Helping people with computers... one answer at a time.
Read the article that everyone's commenting on.
Yes, this is absolutely excellent advice. There's no better way to say it. However, readers who may be a little less IT savvy may be extremely perplexed by mentioning that "When you click on 'this is spam' for legitimate email that may cause other people - people who want it - to stop getting it."
I hope Leo will be able to answer that question in a later message: "How can my marking mail as spam affect the mail that others receive?" I think I know the correct answer, but I'll leave that to the pro.
Thanks, Leo ... A great, great message.
A few Suggestions:
re: 100 Spam emails
Turn your Spam Watch on - Yahoo calls it SPAM GUARD]
a] go through INBOX and anything you are sure you don't want to read tick off as either "Read" or SPAM [2 steps]
b] Move those to your email trash folder
c] Open Trash and SPAM folders to check for mistakes
d] Use Empty button to clean both Spam and Trash emails
In following this approach you might see email you want that was placed by you or your email provider in the SPAM folder!
When I receive an email from someone that I don't recognize I use the block sender, bounce email on my email program (incredimail) I never receive another email from those senders.
Something worth doing too is learning how to apply filters.
Just because you mark something as spam doesn't mean you won't get a very similar spam the following day. It's because marking something as Spam only identifies one particular source and 'blacklists' that source (and hence why it can hurt legitimate senders if you mark them incorrectly).
Far better to learn to filter emails with keywords in the subject. For example, I expect I will NEVER receive legitimate email with the subject line containing the word 'Pharmaceutical' so I have a filter in place to automatically delete mails with that word in the subject.
It can be tedious setting them up in the early days and it certainly pays to check your 'deleted' folder occasionally to make sure you're not accidentally deleting friendly mail.
As a point of interest, I'm sure they've made some adjustments now but Hotmail is/was a spam magnet (one reason many corporate firewalls disallow email from Hotmail email accounts!!).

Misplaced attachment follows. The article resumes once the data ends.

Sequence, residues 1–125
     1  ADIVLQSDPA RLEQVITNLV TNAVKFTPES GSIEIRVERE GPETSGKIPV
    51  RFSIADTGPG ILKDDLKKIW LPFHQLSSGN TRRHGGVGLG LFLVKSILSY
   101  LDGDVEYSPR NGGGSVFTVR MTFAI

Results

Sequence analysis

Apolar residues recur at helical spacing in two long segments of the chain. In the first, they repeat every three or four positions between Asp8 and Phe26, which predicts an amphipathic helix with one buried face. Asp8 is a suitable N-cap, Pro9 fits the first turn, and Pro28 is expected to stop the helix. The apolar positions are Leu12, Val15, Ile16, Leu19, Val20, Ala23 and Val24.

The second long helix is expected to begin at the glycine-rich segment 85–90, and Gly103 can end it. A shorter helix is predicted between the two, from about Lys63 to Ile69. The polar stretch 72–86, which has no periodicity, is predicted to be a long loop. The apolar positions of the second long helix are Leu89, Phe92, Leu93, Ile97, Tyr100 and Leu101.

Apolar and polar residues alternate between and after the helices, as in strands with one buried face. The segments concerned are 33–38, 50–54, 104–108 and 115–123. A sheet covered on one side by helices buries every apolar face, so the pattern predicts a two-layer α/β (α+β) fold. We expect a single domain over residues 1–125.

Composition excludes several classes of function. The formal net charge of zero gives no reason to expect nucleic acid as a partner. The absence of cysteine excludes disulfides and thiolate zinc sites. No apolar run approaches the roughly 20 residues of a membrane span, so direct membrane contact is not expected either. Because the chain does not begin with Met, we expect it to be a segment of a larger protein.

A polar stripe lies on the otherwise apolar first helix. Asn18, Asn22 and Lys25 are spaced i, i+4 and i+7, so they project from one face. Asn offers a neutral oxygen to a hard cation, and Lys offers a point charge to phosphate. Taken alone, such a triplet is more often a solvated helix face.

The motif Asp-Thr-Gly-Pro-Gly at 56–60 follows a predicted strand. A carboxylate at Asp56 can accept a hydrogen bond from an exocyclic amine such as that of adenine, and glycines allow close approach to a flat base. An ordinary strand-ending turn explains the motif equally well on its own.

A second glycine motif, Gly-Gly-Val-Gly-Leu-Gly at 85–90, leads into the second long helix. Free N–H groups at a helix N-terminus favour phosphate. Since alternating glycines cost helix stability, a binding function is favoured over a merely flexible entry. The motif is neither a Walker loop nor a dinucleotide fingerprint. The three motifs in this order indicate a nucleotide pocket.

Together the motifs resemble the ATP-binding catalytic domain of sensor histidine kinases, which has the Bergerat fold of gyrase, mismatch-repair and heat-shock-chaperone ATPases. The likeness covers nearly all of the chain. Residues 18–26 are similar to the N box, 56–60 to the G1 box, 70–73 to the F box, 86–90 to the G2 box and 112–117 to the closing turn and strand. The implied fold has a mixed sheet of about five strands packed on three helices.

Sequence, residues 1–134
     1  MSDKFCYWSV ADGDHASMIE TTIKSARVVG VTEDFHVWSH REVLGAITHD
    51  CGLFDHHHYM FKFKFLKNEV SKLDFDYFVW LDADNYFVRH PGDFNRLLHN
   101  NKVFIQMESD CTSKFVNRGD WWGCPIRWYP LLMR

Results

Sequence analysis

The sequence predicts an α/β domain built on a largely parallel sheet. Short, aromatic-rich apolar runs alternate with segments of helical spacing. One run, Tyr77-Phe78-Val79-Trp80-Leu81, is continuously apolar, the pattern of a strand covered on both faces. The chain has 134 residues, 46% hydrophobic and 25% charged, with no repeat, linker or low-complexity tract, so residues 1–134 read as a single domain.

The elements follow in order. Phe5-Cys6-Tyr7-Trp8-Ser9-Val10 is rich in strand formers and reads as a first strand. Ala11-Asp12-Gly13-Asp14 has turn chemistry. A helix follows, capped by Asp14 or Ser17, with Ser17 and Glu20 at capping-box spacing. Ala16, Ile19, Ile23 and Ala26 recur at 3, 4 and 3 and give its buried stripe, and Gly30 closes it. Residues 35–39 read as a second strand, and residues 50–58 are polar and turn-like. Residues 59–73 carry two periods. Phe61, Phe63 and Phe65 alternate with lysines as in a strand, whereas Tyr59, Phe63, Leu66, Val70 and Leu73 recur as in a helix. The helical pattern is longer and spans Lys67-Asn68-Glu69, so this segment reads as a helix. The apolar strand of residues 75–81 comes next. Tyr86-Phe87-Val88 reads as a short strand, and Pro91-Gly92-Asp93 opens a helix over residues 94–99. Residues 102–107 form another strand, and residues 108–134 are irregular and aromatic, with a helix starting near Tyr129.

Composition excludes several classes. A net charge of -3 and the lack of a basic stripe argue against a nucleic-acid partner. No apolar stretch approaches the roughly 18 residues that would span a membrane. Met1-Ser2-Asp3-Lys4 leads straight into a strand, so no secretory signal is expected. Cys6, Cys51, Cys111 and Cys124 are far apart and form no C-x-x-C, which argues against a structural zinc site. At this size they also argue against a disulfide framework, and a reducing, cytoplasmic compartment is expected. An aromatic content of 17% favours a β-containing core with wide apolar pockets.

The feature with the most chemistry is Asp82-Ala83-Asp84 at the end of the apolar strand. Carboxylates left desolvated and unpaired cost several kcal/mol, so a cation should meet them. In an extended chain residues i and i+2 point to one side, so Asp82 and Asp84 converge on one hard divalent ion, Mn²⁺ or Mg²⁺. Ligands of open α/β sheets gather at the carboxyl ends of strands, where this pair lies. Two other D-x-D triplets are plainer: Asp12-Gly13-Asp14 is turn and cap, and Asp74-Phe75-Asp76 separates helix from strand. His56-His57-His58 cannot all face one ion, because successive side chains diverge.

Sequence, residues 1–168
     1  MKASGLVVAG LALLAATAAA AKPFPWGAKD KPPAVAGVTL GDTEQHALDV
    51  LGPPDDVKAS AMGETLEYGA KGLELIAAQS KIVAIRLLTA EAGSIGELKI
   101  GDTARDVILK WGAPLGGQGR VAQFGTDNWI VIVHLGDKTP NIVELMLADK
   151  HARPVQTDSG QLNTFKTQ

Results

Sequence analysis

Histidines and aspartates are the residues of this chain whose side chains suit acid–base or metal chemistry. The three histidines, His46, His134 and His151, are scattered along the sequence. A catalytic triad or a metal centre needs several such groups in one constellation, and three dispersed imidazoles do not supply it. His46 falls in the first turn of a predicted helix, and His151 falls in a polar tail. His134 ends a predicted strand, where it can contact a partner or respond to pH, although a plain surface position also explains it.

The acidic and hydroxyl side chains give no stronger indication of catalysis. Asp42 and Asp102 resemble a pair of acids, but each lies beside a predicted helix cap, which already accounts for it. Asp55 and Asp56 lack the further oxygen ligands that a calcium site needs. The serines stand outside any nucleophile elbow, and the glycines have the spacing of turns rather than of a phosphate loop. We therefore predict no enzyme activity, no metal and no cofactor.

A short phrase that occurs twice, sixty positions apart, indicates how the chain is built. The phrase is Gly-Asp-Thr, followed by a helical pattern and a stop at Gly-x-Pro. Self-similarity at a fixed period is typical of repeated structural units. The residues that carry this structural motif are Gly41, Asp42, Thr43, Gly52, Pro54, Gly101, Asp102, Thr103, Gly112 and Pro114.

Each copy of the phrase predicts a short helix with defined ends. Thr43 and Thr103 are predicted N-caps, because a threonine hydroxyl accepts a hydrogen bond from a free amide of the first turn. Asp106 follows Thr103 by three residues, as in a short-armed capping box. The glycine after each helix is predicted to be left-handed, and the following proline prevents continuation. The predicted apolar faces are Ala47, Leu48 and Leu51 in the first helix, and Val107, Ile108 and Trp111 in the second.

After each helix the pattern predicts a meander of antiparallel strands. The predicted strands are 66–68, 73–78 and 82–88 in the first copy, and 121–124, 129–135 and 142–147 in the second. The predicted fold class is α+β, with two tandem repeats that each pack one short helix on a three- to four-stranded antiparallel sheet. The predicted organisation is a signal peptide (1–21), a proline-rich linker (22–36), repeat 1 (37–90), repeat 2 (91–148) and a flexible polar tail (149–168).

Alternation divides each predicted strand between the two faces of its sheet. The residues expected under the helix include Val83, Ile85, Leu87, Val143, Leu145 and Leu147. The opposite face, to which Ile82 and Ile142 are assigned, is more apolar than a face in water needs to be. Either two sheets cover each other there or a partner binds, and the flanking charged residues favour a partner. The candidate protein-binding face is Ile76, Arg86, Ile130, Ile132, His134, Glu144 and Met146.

Conversely, in four years of having a gmail address, I've received about three spam messages and they were very cleverly constructed. Perhaps Google use their smarts to filter spam better than others?
I had an ISP who actually charged a premium (can you believe that!!? - I wasn't going to pay extra to overcome their sloppy standard service) for spam filtering and I'm told their filter rate wasn't as good as Google's.
Anyway, enough of that rant. Learning to create filters is pretty simple and is one of the most worthwhile activities I can recommend. I get 80+ mails per day, I need as many helpers for sorting/deleting as possible.
Keep up the good work Leo.
Another point worth noting...an "unsubscribe" link can actually take you to an unsafe sight, opening yourself up to viruses, worms, and malware. Spam is really the least of your problem when you think about it. Spam is a nuisance, whereas virus/worm/malware can be catastropic.
Thanks as always Leo...see you on the Tardis.
I use a program called Mailwasher Pro by Firetrust. It allows me to bounce and delete unwanted email from the mail server before it ever gets to my local computer.
David has the best answer I have found. A Gmail account solved virtually all of my spam problems. My ISP had so much trouble with attacks on their system a couple of years ago, that they switched all email service over to Google. I wasn't sure it was a good idea at the time, but went along with it. The fact I didn't understand at the time was that I would need a separate Gmail address, but could continue with my old address as my main email contact. All "valid" email was just forwarded over to my new Gmail account, and the original address has served as a great spam filter.
Since I have my own real estate web site, and publish my email address (original) in newspaper ads and on literature, I get about 300 emails a day. With the above system in place, about 30-40 get through to my new gmail account, and the rest are caught in the old account. When I have time, I scan through the suspect emails and simply hit delete all.
The fact that I periodically find an email from a new client in the "Spam" account is usually easy to spot and send on to my "good" account.
Works for me!
Take a look at: http://firetrust.com/en/products/mailwasher-pro
Their product, Mailwasher, lets you preview your e-mail and bounce messages back as if you never existed. You can keep messages from ever entering your e-mail program. I've been using if for several years and have pretty near solved my spam problems.
On the other hand, some legitimate emailers do not bother to pull you from their subscriber list after you have unsubscribed. The only way I have found on these is to mark as spam or setup a filter for them, and quite frankly, a single click on "This is spam" is easier.
One other thing! I've used Hotmail for years. I used to get tons of spam in my inbox. But for the last few years, I get very few. Microsoft has done a good job of improving their filters. Granted, they could probably do better, but I have to say that I am quite satisfied with the service.
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